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    I'm not quite sure whether all styles do actually check the pages field for "number-range-ness" (biblatex does, but I imagine not all natbib .bst files do). As such a work-around like this might work with some styles (not a lot actually, I suppose), but is useless as the universal solution you want it to be. – moewe Apr 18 '14 at 15:27
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tl;dr: A universal solution is very nearly impossible, biblatex offers the bookpagination (and pagination field) and a well-coded style will make use of those, so bookpagination = {none} seems a good way to go for biblatex.

The Long Answer

A solution that works for both natbib and biblatex is almost impossible (one might say all but impossible) for the simple reason that it is not natbib or biblatex that decides what is printed and how the bibliography looks like, but the bibliography style (\bibliographystyle in "BibTeX packages"for lack of a better name [the .bst styles]; style, bibstyle with biblatex [the .bbx styles]); so a universal solution would have to work with all the styles (.bst as well as .bbx) available today - that is quite a lot of styles.

While most of the styles adhere to a general semantics and best practice, we cannot be sure that all styles will display, say, the pages field in a certain way (well, we can be quite sure with the pages field as it is so essential and standard, but the eid field is a different matter altogether).

Most of the "exotic" fields such as eid, eprint etc. are bound to be unsupported by a number of styles - even the more basic (and arguably quite un-exotic - by modern standards at least) URL field is lacking in some styles, simply because they were completed before the advent of the URI, which was standardised in 1994 (RFC1738), case in point: ieeetr.bst seems to have been the same since 1988 (save for a clarification of the licence).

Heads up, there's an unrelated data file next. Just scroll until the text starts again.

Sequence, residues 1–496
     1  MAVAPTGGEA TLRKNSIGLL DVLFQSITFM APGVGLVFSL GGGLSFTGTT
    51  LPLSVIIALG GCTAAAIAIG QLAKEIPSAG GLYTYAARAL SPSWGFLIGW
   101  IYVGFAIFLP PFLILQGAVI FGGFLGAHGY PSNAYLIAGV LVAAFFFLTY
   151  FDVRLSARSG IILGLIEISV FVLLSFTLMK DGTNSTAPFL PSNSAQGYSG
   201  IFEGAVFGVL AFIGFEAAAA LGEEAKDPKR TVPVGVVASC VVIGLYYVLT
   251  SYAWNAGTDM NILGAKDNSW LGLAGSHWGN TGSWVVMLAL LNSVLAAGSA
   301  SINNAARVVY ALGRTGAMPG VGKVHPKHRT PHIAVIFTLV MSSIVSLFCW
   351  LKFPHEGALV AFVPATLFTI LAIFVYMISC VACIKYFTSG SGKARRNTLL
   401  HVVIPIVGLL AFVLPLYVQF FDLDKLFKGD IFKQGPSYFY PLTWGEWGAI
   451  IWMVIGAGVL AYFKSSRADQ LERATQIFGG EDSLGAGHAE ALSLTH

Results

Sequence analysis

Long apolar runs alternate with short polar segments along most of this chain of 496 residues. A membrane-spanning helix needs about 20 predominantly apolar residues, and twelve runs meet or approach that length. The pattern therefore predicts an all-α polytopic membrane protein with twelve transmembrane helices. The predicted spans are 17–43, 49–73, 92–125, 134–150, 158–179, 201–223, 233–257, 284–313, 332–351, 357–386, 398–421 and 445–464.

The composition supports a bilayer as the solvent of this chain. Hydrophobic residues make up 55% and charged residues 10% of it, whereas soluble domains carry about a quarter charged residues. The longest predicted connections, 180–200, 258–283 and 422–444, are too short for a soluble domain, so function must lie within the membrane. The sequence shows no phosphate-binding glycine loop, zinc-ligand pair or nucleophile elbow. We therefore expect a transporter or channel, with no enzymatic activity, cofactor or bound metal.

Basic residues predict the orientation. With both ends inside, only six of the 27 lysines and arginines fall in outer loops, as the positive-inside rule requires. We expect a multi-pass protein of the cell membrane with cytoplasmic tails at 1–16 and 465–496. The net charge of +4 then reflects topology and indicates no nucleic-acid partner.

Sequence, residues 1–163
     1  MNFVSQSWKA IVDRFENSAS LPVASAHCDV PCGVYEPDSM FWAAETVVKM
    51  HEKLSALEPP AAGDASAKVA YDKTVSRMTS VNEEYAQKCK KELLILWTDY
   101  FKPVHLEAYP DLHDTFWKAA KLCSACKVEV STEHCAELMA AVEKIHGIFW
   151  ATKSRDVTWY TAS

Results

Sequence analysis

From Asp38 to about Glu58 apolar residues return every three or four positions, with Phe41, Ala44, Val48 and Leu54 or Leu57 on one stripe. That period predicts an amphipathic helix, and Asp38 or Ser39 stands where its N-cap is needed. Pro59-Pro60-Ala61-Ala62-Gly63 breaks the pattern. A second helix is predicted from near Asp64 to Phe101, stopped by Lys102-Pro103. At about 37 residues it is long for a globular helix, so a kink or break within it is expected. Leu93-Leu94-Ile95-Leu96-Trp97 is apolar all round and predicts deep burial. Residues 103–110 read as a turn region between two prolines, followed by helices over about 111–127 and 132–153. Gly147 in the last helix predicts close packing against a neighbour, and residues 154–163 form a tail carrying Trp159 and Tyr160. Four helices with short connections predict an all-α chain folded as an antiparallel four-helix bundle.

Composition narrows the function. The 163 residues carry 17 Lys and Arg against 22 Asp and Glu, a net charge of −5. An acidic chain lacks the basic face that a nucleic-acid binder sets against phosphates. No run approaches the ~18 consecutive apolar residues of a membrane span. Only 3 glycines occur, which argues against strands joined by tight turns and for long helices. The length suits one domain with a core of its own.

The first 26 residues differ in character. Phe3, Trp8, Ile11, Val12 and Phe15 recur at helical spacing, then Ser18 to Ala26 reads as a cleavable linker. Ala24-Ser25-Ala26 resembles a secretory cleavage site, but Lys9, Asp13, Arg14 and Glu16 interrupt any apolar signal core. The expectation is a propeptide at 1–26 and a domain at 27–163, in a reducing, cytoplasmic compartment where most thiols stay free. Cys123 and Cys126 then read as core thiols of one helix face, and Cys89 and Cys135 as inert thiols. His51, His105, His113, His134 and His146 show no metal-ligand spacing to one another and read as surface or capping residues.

Having said all that, the pages field is probably your best bet for a widely applicable solution, plus it does not seem to be too far off semantically.

But even the treatment of the pages field is not standardised or normalised across bibliography styles: Some .bst styles check whether the pages field contains multiple pages in order to decided whether to print "p." or "pp." (plain.bst and ieeetr.bst), but there is no need to do that in a German style since in both cases the abbreviation will be "S.", consequently natdin.bst does not care to check for "multiple pages", it behaves differently if a URL is present, though.

biblatex offers a lot of these functionalities out of the box, so almost all styles make use of them (that is also thanks to the fact that a lot of the biblatex styles out there are coded quite well), I have yet to come across a style that tries to implement these checks itself.